Word of the Day : September 25, 2017
anathematize \uh-NATH-uh-muh-tyze\ verb
: curse, denounce
"A great deal has happened in a very short time.… Feminist reforms in the home and workplace … have gained renewed momentum. Youth culture has anathematized bullying and accorded pride of place to nerd culture." — Jonathan Chait, The New York Magazine, 29 June 2015
"Its reception of [George] Orwell serves as a fascinating case study of Commonweal's history and editorial culture. The magazine's editors and contributors neither anathematized Orwell nor sprinkled him with holy water. Instead they simply gave him the respect they thought he deserved…." — John Rodden and John Rossi, Commonweal, 23 Sept. 2016
Did You Know?
When 16th-century English speakers needed a verb meaning "to condemn by anathema" (that is, by an official curse from church authority), anathematize proved to be just the right word. But anathematize didn't originate in English as a combination of the noun anathema and the suffix -ize. Rather, our verb is based on forebears in Late Latin (anathematizare) and Greek (anathematizein). Anathematize can still indicate solemn, formal condemnation, but today it can also have milder applications. The same is true of anathema, which now often means simply "a vigorous denunciation," or more frequently, "something or someone intensely disliked or loathed."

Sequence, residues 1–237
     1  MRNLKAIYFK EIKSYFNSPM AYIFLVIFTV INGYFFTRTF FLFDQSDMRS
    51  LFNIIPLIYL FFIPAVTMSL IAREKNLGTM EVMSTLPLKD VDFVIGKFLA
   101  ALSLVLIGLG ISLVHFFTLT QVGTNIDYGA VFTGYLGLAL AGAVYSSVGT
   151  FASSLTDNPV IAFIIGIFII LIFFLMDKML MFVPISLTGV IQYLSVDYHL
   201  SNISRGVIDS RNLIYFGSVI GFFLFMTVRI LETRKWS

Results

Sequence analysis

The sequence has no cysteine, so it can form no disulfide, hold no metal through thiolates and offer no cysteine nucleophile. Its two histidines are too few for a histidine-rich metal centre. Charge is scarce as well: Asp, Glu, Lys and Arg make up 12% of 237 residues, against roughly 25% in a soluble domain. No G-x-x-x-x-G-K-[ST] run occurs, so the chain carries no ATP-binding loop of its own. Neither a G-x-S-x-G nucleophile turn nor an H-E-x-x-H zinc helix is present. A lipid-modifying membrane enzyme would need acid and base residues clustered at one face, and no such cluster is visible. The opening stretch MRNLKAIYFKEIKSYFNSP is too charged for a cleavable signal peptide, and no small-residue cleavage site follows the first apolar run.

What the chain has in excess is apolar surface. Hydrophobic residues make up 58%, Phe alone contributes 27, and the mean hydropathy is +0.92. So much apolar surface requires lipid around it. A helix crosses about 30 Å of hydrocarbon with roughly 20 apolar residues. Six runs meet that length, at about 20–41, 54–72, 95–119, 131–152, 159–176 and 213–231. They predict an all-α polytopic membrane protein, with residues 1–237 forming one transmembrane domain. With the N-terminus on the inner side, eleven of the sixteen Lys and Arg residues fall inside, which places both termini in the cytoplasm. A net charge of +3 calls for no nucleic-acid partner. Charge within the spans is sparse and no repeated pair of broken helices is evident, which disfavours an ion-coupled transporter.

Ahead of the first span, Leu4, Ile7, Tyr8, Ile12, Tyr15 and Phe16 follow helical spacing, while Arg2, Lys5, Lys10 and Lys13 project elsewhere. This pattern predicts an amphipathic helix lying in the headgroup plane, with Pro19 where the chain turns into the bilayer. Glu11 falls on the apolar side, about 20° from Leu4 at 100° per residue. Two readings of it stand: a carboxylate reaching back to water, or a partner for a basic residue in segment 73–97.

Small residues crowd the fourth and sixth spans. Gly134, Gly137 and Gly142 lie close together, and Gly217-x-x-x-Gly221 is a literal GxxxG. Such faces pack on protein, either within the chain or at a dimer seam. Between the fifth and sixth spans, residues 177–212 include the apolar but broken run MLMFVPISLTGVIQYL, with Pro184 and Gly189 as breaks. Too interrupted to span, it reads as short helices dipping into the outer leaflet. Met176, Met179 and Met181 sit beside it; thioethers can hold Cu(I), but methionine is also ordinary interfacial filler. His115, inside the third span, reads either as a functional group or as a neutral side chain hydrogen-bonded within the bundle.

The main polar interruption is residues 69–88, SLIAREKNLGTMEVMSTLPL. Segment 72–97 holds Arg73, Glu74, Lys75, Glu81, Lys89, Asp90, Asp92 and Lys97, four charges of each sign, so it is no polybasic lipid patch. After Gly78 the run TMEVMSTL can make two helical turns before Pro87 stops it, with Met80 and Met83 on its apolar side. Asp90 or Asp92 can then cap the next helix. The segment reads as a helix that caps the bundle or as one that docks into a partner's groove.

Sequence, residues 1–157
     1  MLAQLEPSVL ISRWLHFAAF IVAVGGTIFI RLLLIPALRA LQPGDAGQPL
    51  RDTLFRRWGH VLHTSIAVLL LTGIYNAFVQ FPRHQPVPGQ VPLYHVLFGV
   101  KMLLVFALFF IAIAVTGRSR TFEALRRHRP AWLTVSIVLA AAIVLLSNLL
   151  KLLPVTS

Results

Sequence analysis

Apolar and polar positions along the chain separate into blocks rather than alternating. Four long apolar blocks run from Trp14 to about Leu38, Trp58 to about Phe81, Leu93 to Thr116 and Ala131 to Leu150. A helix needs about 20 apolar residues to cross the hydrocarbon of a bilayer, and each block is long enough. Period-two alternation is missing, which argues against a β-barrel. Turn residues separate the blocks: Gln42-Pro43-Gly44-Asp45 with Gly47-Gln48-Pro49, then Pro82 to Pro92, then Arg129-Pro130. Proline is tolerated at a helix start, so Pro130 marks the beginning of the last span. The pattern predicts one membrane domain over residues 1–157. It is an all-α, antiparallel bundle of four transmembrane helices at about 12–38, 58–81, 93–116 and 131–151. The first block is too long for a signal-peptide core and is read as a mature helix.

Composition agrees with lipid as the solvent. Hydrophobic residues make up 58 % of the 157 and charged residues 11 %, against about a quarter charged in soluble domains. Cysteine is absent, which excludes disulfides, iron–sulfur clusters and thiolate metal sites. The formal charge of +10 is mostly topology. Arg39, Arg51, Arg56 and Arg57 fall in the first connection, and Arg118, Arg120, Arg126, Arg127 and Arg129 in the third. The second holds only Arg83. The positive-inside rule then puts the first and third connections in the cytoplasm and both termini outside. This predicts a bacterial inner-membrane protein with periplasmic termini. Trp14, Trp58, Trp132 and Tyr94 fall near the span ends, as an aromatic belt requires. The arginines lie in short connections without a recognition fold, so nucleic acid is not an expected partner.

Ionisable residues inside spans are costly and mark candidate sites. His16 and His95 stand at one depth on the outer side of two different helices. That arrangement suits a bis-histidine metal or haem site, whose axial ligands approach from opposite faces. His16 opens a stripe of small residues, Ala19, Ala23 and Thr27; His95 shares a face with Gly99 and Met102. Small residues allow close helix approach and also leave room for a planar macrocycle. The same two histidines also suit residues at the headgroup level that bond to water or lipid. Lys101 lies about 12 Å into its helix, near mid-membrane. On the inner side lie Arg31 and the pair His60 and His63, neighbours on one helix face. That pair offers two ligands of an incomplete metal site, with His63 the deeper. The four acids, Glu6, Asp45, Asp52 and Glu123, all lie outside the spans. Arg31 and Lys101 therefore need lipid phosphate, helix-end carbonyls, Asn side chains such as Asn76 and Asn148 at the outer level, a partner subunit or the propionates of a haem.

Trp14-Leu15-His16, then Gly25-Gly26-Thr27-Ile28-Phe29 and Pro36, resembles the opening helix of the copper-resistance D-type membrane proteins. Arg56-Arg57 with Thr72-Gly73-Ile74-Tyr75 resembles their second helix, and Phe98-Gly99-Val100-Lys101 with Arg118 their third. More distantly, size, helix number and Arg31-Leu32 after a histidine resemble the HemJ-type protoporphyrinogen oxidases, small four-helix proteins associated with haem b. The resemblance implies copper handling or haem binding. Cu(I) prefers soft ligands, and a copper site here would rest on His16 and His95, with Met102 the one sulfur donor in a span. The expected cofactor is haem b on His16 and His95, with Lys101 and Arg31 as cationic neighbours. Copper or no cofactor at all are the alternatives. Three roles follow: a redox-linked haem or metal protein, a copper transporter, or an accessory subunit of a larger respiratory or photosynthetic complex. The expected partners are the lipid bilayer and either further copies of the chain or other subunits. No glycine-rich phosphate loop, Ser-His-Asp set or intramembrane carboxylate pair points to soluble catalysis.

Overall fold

Aired September 25, 2017
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